There is a special place in hell for line-cutters. It’s one of those basic lessons that kids are trained to master by the age of 5: You take your rightful place in line and don’t cut. That’s the fair thing to do. So, when adults do it, does it send you into an all-out rage?
It might be line-jumpers, someone who cuts you off in traffic, or a small passing comment from a boss or coworker. But when it happens, that moment either instantly drives you through the roof or it festers in your mind all day long. Before you even realize it, you’ve been grouchy around colleagues, short with friends, and reached your breaking point.
To keep these moments from getting to us, we must first learn to identify our emotional triggers. We all have our breaking points (or really Breaking Bad points), where something offends and sends us down the road to Walter White levels of overreaction.
One of my emotional triggers is being talked over. If you buy into those birth-order theories, my irrational rage toward over-talkers likely stems from being the youngest child. For so long, I was used to being bossed around, overlooked, discounted, or left with no say because of my youth or inexperience. So now, as a fully functioning adult with a voice, I admit, nothing irks me more than when someone talks over me, discounting my point, while I’m mid-explanation.
I can’t say that I’ll totally ever rid myself of this pet peeve and never take insult from an over-talker again, but I am making efforts to control my impulse reactions to them. As part of my ongoing journey to master my emotional triggers, I use these three tactics to calm myself down.
1. Find some perspective
It’s difficult to analyze someone else’s intentions when you’re already set on a raging war path. But it’s worth it. I recognize plenty of scenarios that could have played out differently if we all took the time to analyze the other person’s intentions.
Ask yourself: Is the offender aware of his or her actions? Is there a chance it was done unintentionally? Is it possible that they are unfamiliar with protocol?
Think about that line-cutter. Did he or she not know that one, single line was formed behind the two cashier stations? You would expect empathy or forgiveness if you unknowingly offended someone, so why not reverse your roles? And once you’ve permitted forgiveness, you’ve let that grievance leave your heart and relinquished your fury.
New ways to get out of your own way
Bust through obstacles on your way to greatness with Unstuck Tip Cards — four reusable decks that help you fight procrastination, stop negative thinking, boost productivity, and get more creative.
2. Recognize, reframe, and rationalize
Have you ever gotten so frustrated with an incredibly slow-driving car that meanders down a road you regularly take at ten miles-per-hour beyond the speed limit? Yes, you may be in a rush, but what else can you do about it?
These moments of commuter aggression can leave you stressed, moody, and unproductive for the rest of the day. So why get all worked up when there’s no real solution (no lawful solution, anyway) to your dilemma?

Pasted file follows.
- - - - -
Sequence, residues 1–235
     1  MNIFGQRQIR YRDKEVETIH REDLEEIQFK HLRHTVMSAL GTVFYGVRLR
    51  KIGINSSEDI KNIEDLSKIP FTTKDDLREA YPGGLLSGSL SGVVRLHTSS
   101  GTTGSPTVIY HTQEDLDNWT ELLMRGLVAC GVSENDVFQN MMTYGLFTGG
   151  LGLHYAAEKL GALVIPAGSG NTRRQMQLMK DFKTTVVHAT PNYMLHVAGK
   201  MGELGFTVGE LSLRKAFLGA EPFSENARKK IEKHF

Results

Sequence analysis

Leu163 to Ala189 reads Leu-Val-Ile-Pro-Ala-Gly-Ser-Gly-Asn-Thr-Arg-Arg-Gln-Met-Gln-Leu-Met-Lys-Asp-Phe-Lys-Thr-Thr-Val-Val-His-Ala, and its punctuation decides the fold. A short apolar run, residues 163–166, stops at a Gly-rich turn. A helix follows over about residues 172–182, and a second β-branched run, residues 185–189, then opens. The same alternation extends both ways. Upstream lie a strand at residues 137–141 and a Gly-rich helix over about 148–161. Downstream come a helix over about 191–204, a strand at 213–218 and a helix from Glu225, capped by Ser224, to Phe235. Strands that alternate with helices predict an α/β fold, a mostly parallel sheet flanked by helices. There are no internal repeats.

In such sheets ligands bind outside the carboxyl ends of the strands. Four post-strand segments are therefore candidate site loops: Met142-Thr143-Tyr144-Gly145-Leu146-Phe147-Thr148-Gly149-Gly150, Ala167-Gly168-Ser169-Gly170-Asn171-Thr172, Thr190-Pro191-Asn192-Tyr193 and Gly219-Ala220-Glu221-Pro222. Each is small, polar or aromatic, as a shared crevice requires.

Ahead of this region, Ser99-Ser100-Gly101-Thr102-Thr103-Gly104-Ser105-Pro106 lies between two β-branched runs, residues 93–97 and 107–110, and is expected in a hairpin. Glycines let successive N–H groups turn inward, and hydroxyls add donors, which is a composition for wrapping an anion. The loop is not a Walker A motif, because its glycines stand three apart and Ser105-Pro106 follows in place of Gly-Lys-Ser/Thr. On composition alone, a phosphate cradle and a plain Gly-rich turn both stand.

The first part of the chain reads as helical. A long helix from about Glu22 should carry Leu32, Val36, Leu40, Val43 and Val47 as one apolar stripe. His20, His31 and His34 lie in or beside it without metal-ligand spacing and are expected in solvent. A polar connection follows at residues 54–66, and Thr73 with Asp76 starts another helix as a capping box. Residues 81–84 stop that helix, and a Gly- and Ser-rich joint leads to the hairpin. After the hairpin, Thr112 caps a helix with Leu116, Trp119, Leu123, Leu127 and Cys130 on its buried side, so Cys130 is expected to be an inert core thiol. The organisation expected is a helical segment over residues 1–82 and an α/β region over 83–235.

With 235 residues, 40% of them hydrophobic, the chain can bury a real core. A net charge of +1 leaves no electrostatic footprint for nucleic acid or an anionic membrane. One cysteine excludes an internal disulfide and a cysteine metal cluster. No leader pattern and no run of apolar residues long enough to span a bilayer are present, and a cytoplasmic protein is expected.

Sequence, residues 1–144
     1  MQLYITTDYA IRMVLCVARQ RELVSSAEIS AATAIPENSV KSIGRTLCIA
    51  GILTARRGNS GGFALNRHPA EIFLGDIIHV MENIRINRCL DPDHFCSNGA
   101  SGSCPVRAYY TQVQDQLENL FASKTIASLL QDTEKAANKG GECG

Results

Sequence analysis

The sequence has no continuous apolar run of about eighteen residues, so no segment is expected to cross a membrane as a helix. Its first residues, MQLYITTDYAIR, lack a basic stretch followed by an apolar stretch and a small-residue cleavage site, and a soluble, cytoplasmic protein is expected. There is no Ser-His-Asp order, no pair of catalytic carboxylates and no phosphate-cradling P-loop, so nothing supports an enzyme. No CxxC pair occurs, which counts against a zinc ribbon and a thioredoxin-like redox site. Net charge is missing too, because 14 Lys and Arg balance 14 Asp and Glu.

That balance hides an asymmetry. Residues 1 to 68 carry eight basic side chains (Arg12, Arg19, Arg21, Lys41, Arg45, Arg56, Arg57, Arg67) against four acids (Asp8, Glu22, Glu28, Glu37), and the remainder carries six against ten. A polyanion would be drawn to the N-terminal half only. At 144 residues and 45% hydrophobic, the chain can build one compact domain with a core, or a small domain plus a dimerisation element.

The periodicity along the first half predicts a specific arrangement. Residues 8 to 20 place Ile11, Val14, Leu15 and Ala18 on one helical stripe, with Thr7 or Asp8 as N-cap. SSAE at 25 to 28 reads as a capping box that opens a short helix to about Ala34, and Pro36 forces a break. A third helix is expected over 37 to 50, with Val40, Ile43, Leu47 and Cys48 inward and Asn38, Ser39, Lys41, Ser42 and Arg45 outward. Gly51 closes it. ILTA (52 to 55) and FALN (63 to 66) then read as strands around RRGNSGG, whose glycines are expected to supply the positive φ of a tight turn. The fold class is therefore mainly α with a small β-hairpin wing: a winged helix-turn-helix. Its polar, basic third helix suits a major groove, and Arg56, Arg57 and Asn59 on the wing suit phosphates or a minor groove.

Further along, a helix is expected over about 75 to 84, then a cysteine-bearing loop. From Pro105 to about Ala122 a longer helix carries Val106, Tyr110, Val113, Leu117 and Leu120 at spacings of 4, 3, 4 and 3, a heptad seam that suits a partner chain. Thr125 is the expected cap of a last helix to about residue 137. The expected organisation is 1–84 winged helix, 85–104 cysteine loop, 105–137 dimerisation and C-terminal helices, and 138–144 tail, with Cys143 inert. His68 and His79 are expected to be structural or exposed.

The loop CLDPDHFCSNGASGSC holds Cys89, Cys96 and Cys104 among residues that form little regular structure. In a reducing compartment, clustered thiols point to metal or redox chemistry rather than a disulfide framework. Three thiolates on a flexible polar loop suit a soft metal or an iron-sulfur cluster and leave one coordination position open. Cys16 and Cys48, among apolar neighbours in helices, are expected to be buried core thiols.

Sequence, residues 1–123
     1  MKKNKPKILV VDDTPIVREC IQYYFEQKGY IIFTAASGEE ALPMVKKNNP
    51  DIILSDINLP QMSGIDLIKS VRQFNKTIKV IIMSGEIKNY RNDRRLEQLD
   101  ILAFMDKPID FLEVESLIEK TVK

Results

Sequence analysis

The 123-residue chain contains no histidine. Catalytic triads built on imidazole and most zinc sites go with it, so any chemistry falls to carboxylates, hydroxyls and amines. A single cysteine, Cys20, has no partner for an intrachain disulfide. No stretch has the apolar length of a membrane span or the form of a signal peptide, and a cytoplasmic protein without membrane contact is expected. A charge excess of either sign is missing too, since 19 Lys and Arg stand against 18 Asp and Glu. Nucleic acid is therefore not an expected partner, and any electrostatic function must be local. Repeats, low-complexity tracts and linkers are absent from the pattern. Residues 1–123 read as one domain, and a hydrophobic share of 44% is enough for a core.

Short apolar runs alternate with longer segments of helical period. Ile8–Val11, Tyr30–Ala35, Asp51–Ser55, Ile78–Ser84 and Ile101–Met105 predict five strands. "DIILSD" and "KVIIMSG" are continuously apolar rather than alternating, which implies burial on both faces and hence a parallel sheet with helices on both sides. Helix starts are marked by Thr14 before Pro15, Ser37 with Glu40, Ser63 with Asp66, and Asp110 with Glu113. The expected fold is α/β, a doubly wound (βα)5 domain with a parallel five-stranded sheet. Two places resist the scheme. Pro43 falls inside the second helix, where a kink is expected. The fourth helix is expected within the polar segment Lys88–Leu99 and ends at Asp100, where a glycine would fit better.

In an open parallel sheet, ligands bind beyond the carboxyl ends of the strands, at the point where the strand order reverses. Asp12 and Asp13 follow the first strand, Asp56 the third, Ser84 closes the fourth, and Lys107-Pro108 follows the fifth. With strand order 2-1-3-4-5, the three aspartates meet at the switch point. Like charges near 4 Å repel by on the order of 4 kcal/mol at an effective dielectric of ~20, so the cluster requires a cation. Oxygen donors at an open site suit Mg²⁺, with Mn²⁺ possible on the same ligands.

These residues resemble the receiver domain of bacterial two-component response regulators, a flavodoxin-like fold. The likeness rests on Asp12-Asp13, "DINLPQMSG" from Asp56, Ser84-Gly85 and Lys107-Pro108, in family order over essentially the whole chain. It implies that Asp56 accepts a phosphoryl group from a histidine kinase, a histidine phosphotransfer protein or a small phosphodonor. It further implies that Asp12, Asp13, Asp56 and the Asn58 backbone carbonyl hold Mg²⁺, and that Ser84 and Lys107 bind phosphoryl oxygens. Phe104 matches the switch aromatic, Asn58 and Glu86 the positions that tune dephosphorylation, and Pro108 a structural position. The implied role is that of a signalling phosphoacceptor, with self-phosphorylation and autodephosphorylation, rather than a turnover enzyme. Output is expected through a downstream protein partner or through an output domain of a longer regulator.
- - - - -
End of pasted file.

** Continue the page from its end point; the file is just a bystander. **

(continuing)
Acknowledge your anger, then seek to understand it. On a scale of 1 to 10, how mad are you? Are there other factors contributing to the intensity of your rage? For example, are you already stressed about being on time? Lastly, attempt to rationalize your response. Is the Driving Miss Daisy sedan ahead of you really worth the spike to your blood pressure? It’s likely not. And it’s usually at this stage, I realize I was foolish for letting myself get so worked up.
3. If all else fails, choose a course of action
Let’s say you have a coworker who constantly burns your britches with shady remarks. You know he or she enjoys getting a rise out of you, so you’ve already considered the intentions. You’ve also tried to rationalize your anger, but you can’t seem to talk yourself down. And your blood just continues to boil the longer you think about it.
At this point, you should consider taking action. It could be taking your coworker aside and calmly discussing why their actions bothered you. If it’s a line-cutter, calmly state, “Excuse me, but the line starts here.” Once you’ve said your piece, that alone should relieve some of the built-up tension — like a hot kettle releasing its steam. But the key word is calm.
If you don’t think you have a composed interaction in you, then you’ll just have to let it ride or walk away. If needed, remove yourself from the situation, take a breather, and repeat tactics one and two. A heated confrontation is the last thing you want, especially when adrenaline is already coursing through your veins. If a new opportunity ever arises to resolve this conflict, you can have that conversation again.
No matter how big or small the incident, don’t let your emotional triggers take you to the point of no return. And especially don’t go the way of Walter White, as you might know, that didn’t work out so well.
Nina Reeder is a journalist and media manager, who has contributed to outlets such as Ebony, AOL.com, Marriott Hotels, and more. She’s a self-proclaimed foodie, but also has passions for health/wellness (which doesn’t always work out well). You can follow her on Instagram here.